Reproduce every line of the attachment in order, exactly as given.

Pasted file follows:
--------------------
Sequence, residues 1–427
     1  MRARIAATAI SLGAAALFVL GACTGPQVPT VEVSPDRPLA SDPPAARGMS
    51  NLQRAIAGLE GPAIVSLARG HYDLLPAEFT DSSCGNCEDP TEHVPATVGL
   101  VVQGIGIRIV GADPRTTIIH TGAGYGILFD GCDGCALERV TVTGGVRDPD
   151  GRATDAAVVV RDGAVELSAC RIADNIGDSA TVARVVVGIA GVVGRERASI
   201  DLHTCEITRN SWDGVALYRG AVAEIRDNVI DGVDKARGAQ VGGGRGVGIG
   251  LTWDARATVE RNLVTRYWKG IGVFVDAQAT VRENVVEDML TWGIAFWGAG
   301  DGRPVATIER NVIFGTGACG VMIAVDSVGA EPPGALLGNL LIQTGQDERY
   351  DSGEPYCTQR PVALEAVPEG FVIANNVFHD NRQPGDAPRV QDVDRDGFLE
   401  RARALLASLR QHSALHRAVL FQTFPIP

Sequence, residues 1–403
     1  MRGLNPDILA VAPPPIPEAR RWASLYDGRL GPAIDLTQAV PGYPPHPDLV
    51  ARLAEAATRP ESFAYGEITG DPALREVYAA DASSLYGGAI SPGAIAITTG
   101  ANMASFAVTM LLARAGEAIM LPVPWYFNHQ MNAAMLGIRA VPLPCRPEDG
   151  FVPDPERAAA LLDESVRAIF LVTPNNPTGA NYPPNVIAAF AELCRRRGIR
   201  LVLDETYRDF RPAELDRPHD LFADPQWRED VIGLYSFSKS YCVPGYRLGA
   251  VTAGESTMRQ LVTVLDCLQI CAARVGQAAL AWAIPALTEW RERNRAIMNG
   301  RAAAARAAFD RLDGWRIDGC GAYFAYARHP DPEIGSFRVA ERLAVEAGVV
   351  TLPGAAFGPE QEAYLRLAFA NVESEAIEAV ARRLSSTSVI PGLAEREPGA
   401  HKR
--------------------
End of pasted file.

Sequence, residues 1–427
     1  MRARIAATAI SLGAAALFVL GACTGPQVPT VEVSPDRPLA SDPPAARGMS
    51  NLQRAIAGLE GPAIVSLARG HYDLLPAEFT DSSCGNCEDP TEHVPATVGL
   101  VVQGIGIRIV GADPRTTIIH TGAGYGILFD GCDGCALERV TVTGGVRDPD
   151  GRATDAAVVV RDGAVELSAC RIADNIGDSA TVARVVVGIA GVVGRERASI
   201  DLHTCEITRN SWDGVALYRG AVAEIRDNVI DGVDKARGAQ VGGGRGVGIG
   251  LTWDARATVE RNLVTRYWKG IGVFVDAQAT VRENVVEDML TWGIAFWGAG
   301  DGRPVATIER NVIFGTGACG VMIAVDSVGA EPPGALLGNL LIQTGQDERY
   351  DSGEPYCTQR PVALEAVPEG FVIANNVFHD NRQPGDAPRV QDVDRDGFLE
   401  RARALLASLR QHSALHRAVL FQTFPIP

Sequence, residues 1–403
     1  MRGLNPDILA VAPPPIPEAR RWASLYDGRL GPAIDLTQAV PGYPPHPDLV
    51  ARLAEAATRP ESFAYGEITG DPALREVYAA DASSLYGGAI SPGAIAITTG
   101  ANMASFAVTM LLARAGEAIM LPVPWYFNHQ MNAAMLGIRA VPLPCRPEDG
   151  FVPDPERAAA LLDESVRAIF LVTPNNPTGA NYPPNVIAAF AELCRRRGIR
   201  LVLDETYRDF RPAELDRPHD LFADPQWRED VIGLYSFSKS YCVPGYRLGA
   251  VTAGESTMRQ LVTVLDCLQI CAARVGQAAL AWAIPALTEW RERNRAIMNG
   301  RAAAARAAFD RLDGWRIDGC GAYFAYARHP DPEIGSFRVA ERLAVEAGVV
   351  TLPGAAFGPE QEAYLRLAFA NVESEAIEAV ARRLSSTSVI PGLAEREPGA
   401  HKR